Watts’s Divine Songs, which emerged at the time when “children began to be recognized as distinct and separate creatures, with particular needs and tastes, and as consumers of reading matter, commercially speaking” (Briggs 67), was a foundational text of moral and religious education for children in England. In his preface addressed “To all that are concerned in the Education of Children” (15), he made a case for the aptness of poetry as a medium for children’s religious education, asserting that verse was “designed for the Service of God” pointing out that the “Children of Israel were commanded to learn the Words of the Song of Moses, Deut. xxxi. 19, 30” (16). Watts identified four advantages of verse as a medium for children’s religious instruction: first, the diverting and amusing nature of rhymes and meter; second, its mnemonic quality; third, related to the second point, that memorized, it “will be a constant Furniture for the Minds of Children” encouraging religious thought and piety; and, finally, that, written in the commonest psalm meters, it could be sung in family worship to “the most usual Psalm Tunes” (16-18). Ann’s memories intimate that, in the Taylor family, Watts’s Divine Songs fully realized their potential.

    In light of Watts’s widely-acknowledged virtuosity, Ann and Jane Taylor took pains to present themselves as extending his practice rather than countering or replacing it in their advertisement to the first edition of Hymns for Infant Minds:

    The fact that Hymns for Infant Minds so explicitly follows Watts’s model, which shaped their childhoods and literary development, indicates that it was an especially ambitious and meaningful project for the Taylor sisters, more so perhaps than their earlier, less specifically religious productions including Original Poems for Infant Minds (1804-5) by several young persons and Rhymes for the Nursery (1806), “the book that awoke the nurseries of England, and those in charge of them” (Darton 181). Indeed, the complexity of their feelings regarding this work is evident in their apology above: they exhibit authorial anxiety for the “temerity” to emulate Watts and seek to deflect potential accusations of pride by stressing that they publish as an act of service; yet, they also draw attention to the limited scope of Divine Songs in order to make room for their own work and intimate that they seek a fresh, more generous pedagogic approach in their Hymns for Infant Minds. At this point, it is necessary examine the methods and patterns that Watts established in Divine Songs, which the Taylor sisters were responding to.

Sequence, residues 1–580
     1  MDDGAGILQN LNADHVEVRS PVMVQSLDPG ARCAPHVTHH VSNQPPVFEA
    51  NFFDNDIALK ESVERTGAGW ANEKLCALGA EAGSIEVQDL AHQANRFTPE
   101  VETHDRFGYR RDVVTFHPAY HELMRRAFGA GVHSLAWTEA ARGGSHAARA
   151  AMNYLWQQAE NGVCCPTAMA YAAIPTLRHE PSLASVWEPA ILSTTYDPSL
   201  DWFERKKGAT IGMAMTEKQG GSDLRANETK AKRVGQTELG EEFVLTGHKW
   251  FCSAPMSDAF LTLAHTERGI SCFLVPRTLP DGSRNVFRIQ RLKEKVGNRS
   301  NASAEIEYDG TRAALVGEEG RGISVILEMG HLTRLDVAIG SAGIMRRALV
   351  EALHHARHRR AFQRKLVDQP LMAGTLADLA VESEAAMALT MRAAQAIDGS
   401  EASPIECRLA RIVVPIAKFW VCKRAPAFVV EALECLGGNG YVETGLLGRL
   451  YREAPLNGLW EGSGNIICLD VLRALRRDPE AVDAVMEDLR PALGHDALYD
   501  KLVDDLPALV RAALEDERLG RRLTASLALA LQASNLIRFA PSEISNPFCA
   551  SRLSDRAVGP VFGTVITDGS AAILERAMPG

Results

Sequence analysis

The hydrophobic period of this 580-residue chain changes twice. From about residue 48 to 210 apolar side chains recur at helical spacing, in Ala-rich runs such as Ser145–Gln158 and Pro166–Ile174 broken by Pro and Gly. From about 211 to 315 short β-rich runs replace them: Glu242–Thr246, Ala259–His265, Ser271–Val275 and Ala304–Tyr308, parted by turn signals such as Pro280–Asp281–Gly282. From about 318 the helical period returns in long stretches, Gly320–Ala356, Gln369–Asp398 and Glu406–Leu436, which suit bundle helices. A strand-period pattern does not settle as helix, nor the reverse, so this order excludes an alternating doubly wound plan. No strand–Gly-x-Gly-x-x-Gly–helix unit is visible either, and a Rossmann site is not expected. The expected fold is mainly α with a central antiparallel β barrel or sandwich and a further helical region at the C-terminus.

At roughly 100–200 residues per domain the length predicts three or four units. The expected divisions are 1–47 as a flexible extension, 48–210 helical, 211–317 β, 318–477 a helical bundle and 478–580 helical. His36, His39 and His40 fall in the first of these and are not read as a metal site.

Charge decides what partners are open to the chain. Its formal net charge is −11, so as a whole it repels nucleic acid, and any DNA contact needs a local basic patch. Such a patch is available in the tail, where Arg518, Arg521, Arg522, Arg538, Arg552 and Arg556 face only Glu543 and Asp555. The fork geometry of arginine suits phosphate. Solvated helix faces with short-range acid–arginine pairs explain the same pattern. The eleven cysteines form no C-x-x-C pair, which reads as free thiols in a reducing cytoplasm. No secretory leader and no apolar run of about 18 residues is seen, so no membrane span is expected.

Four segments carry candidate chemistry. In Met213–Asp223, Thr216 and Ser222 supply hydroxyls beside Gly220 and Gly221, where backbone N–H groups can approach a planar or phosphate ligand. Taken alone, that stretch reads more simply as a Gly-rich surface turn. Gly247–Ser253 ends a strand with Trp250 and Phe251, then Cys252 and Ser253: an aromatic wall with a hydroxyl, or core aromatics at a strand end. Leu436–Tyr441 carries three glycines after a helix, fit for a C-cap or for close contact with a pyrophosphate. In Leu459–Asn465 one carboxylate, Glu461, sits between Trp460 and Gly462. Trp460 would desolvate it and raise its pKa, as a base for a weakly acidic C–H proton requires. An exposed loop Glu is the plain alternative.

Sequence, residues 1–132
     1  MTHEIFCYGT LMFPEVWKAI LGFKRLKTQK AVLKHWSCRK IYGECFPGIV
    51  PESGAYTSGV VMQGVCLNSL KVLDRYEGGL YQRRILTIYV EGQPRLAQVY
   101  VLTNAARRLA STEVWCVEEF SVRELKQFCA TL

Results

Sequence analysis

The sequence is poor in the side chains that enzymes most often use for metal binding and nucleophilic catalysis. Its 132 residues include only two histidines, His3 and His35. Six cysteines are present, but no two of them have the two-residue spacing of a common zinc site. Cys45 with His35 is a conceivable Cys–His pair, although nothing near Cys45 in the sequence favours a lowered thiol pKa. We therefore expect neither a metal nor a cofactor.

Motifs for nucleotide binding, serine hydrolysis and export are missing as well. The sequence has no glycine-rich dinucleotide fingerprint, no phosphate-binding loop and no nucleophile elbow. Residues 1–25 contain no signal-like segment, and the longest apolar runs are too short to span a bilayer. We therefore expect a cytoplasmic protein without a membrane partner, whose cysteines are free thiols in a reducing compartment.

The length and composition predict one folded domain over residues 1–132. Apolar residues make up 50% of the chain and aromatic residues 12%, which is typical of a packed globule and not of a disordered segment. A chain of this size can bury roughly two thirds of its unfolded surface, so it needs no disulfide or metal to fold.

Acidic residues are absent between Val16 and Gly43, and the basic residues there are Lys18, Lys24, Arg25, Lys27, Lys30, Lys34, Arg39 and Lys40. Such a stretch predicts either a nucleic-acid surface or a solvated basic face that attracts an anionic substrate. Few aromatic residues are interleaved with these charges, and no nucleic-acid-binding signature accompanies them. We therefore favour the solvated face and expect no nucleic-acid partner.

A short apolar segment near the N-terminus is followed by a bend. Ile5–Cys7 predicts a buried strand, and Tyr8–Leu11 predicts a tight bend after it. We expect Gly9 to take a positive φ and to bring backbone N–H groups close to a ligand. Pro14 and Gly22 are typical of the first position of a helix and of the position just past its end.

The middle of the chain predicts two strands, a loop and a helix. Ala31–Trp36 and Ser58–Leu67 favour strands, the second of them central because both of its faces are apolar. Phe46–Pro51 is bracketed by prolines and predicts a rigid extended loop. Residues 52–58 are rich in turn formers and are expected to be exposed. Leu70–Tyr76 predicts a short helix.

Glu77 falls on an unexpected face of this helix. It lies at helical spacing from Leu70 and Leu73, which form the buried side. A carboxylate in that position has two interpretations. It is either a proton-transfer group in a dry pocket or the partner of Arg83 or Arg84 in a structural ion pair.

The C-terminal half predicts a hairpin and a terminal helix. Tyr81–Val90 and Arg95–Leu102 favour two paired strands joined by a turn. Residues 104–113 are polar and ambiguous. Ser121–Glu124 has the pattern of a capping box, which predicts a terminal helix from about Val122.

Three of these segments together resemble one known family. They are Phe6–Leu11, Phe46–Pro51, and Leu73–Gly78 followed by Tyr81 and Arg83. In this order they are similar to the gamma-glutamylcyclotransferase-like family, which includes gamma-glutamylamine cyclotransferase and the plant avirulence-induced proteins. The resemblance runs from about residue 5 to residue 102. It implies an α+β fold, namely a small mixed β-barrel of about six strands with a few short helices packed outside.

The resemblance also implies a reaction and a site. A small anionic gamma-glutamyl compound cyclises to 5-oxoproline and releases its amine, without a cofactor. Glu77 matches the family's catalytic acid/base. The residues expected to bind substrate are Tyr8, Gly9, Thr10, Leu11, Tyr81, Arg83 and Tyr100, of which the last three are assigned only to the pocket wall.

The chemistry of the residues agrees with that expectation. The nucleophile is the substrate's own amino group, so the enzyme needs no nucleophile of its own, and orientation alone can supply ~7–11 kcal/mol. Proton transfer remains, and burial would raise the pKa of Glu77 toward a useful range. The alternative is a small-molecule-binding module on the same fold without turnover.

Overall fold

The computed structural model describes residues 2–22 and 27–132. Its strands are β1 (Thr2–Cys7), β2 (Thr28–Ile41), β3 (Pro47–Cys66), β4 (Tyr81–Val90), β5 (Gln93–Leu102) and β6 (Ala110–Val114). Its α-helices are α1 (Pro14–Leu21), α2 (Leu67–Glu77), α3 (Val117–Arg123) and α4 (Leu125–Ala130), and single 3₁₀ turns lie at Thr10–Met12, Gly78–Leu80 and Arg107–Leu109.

The Father of Children’s Hymnody: Isaac Watts, an Heir of Puritanism and Disciple of Locke

    Watts published Divine Songs eight years after his first hymnic collection, Hymns and Spiritual Songs (1707). Although he never had children of his own, the songs were written for real children, the three daughters of Sir Thomas and Lady Abney, at whose country estate he stayed during a period of ill health. Divine Songs was later published with the view of encouraging children’s piety more widely. The collection remained a ubiquitous nursery classic in English-speaking countries for nearly two centuries. In 1868, Isabella L. Bird claimed in The Sunday Magazine that the “sale of these in England and America is from 80,000 to 100,000 copies annually” (430). However, critics today view the work as being pedagogically problematic. Although significantly more understanding and less Puritanical than earlier moral writing for children, such as James Janeway’s notorious A Token for Children: Being an Exact Account of the Conversion, Holy and Exemplary Lives and Joyful Deaths of Several Young Children (1671), many of Watt’s Divine Songs were still written, as J. R. Watson discerns, within a “culture of fear” that “seems to us now to be highly damaging psychologically” (Watson, “The Child’s Christian Year” 22). One of Watts’s most notorious works, “Obedience to Parents” preaches that wayward children will meet terrible divine retribution: